Figure 1: MiR-592 is frequently down-regulated in human HCC and associates with poor clinicopathologic features. A. qRT-PCR analysis of miR-592 expression in 40 pairs HCC tissues and their adjacent normal tissues. B. The expression of miR-592 in HCC tissues was significantly lower than in corresponding normal tissues. C. The expression of miR-592 in HCC tissues, tissues with lymph node metastases, and their adjacent normal tissues, n=10/group. D. qRT-PCR analysis was used to investigate the expression levels of miR-592 in five HCC cell lines (HepG2, SK-Hep1, MHCC-97H, SMMC7721 and QGY-7703) compared with two nonneoplastic liver cell lines (LO2 and 7701). E. miR-592 expression was inversely associated with the overall survival of 90 HCC patients. The median was used as the cut-off value to divide patients into low and high expression groups. The mean and SD of three independent experiments performed in triplicate are shown.
MiR-592 inhibits HCC cell proliferation and tumor growth
To investigate the biological function of miR-592 in HCC, SK-Hep-1 and SMMC7721 cells were transfected with miR-592 mimic or control (NC), or miR-592 was also knocked down by transiently transfecting antisense oligonucleotides (anti-miR-592 or anti-NC) in the same cell lines. qRT-PCR was used to confirm transfection efficiency (Figure 2A and Figure 2B). Compared with the negative controls, overexpression of miR-592 in SK-Hep-1 and SMMC7721 cells significantly decreased cell number (Figure 2C and Figure 2D) whereas knockdown of the endogenous miR-592 markedly increased the viability of these cells (Figure 2E and Figure 2F).
Figure 2: MiR-592 inhibits HCC cell proliferation and tumor growth. A. and B. SK-Hep-1 and SMMC772 cells were transfected with hsa-miR-592 mimics, anti-miR-592 or negative control, respectively. The expression of miR-592 was confirmed by qRT-PCR. C. and D. Overexpression of miR-592 significantly decreased cell proliferation of SK-Hep-1 and SMMC772 cells compared to the negative controls using CCK-8 assay. E. and F. Knockdown of miR-592 markedly enhanced cell proliferation compared to the negative controls using CCK-8 assay. SK-Hep-1 cells transfected with anti-miR-592 or negative control (anti-NC) were subcutaneously injected into the flank region of nude mice. G. Tumor volumes and H. the tumor weights were measured; I. representative images of tumor were shown. J. Representative bioluminescence images corresponding to SK-Hep-1 orthotopic hepatic tumors (left panel). Volume of SK-Hep-1 orthotopic tumours was determined at different time points. K. The expression of miR-592 in tumor tissues was analyzed by qRT-PCR. L. and M. Cell cycle distribution of SK-Hep-1 and SMMC772 cells transfected with miR-592 mimics or NC was examined using flow cytometry. The mean and SD of three independent experiments performed in triplicate are shown.
To confirm this role of miR-592 applied in vivo, we tested whether miR-592 knockdown would promote tumour growth in SK-Hep-1 orthotopic tumour models and mouse subcutaneous xenograft models. Firstly, SK-Hep-1 cells were transfected with agomiR-592 or negative control (agomiR-NC), and then subcutaneously injected into the flank region of nude mice. It was found that compared to the agomiR-NC group, the tumor volumes, sizes and weights in agomiR-592 group were markedly increased (Figure 2G, Figure 2H and Figure 2I). Secondly, our in vivo orthotopic tumour study also further reinforced our in vitro results, and established the potential significance of miR-592 in HCC progression (Figure 2J). qRT-PCR analysis of tumor tissues confirmed that the expression of miR-592 was significantly decreased (Figure 2K). In order to validate the therapeutic value of miR-592, tumor cells with miR-592 overexpression were injected into mice to examine the inhibition of tumor growth. As shown in supplementary Figure 1A, 1B, 1C, 1D and 1E, miR-592 overexpression significantly inhibited HCC growth in mice models. We also used flow cytometry to examine the cell cycle distribution of HCC cells. As shown in Figure 2L and Figure 2M, compared to cells transfected with negative controls, there was a significant increase in G0/G1 phase cells and decrease in S phase cells in miR-592 mimics-transfected SK-Hep-1 and SMMC772 cells, whereas miR-592 knockdown cells displayed the opposite data (data not shown). In addition, as shown in supplementary Figure 1F, miR-592 inhibits the migration of HCC cells in vitro. Collectively, our findings suggest that miR-592 decreases HCC cell proliferation in vitro and tumorigenicity in vivo.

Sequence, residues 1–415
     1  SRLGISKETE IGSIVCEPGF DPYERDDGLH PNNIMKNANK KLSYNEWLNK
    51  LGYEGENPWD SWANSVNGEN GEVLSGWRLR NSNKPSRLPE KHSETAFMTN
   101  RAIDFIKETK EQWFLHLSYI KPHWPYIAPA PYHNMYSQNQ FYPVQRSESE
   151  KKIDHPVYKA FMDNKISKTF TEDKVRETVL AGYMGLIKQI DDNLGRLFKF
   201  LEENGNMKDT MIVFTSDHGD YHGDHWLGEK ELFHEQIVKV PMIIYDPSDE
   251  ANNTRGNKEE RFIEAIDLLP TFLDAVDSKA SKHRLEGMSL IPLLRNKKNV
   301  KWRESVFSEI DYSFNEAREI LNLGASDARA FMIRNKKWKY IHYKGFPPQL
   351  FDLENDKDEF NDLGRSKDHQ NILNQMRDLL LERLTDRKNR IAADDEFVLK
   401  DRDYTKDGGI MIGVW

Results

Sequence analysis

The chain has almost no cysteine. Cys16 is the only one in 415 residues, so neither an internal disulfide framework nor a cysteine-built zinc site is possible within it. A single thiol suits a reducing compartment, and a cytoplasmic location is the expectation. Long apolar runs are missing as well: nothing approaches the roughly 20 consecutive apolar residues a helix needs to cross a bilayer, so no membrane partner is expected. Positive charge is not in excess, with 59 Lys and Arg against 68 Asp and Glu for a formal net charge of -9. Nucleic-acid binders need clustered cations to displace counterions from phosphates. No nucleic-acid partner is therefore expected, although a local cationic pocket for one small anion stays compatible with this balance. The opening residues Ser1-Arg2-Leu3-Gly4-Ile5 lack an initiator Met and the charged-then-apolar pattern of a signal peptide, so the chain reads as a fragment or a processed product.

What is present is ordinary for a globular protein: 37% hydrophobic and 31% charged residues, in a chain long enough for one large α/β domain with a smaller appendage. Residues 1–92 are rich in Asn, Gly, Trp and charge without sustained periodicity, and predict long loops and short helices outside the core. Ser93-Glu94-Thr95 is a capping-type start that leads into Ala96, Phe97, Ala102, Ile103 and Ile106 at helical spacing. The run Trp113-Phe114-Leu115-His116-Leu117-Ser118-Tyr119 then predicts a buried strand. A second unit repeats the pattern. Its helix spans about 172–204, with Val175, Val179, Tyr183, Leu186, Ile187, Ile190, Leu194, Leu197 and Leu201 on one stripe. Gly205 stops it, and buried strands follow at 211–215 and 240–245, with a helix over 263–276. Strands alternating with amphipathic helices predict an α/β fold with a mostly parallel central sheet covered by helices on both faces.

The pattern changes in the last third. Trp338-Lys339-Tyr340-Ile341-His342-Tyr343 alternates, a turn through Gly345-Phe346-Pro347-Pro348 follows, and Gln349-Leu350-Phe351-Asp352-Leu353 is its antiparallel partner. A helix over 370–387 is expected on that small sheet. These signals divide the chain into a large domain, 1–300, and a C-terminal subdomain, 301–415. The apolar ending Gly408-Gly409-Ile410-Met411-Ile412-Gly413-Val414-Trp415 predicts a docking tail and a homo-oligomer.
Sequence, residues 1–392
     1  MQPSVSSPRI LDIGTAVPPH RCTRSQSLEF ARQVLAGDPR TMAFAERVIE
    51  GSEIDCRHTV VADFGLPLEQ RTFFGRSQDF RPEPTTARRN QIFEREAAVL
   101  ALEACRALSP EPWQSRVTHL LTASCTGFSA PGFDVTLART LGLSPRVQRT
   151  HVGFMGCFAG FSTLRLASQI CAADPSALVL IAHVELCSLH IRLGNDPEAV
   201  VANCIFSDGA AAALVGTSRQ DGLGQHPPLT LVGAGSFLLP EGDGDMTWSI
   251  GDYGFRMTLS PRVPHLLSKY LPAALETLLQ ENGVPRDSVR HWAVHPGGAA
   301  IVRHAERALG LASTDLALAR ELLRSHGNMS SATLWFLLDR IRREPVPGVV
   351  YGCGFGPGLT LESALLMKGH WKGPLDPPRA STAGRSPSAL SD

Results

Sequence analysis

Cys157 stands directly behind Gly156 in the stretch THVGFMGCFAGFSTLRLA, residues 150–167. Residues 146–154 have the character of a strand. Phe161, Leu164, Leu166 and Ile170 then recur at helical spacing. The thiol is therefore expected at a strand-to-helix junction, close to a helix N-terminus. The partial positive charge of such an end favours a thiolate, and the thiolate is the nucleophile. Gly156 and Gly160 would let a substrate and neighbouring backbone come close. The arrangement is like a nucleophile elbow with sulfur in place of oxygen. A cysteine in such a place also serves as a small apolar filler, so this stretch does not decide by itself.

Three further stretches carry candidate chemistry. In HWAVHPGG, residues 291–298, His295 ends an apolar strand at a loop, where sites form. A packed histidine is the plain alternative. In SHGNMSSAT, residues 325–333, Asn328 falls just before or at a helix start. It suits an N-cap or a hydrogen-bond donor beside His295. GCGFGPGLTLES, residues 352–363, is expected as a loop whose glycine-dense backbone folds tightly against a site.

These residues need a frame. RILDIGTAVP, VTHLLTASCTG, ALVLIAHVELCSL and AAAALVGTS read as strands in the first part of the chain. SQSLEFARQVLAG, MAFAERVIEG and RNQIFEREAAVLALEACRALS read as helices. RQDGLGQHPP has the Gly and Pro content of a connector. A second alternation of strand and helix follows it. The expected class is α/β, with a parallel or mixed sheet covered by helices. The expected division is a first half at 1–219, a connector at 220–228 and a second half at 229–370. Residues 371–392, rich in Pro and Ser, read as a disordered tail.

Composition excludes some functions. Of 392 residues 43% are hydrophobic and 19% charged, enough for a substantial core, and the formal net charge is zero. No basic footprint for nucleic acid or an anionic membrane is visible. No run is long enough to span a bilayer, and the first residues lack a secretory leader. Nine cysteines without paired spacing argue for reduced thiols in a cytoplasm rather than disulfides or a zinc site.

miR-592 directly targets WSB1 in HCC cells
To uncover the underlying mechanism accounting for miR-592-induced inhibition of HCC cells proliferation, bioinformatics research was performed to predict miR-592 targets using PITA and miRanda . Given that WSB1 increases one of the most important glycolytic proteins-HIF-1α and contributes to human malignancy , thus WSB1 was predicted as a potentially functional target gene of miR-592. As shown in Figure 3A, one predicted binding site in the WSB1 3’-UTR with a perfect complementarity to the seed region of the miR-592 was identified. To demonstrate whether the 3′-UTR of WSB1 could be a genuine target of miR-592, a dual-luciferase reporter system was constructed. WSB1 3′-UTR sequences containing wild type or mutated binding site of miR-592 were cloned into the psiCHECK2 vector, respectively, and co-transfected with the miR-592 mimics or NC into HCC cells. It was found that overexpression of miR-592 remarkably suppressed the luciferase activity of the reporter gene with the wild-type construct, but not with the mutant WSB1 3′-UTR construct in both SK-Hep-1 and SMMC7721 cells (Figure 3B), suggesting that miR-592 directly targeted the WSB1 3′-UTR. Moreover, overexpression of miR-592 also repressed the protein levels of WSB1 in both SK-Hep-1 and SMMC7721 cells. Conversely, suppression of miR-592 enhanced the expression of WSB1 in both SK-Hep-1 and SMMC7721 cells (Figure 3C).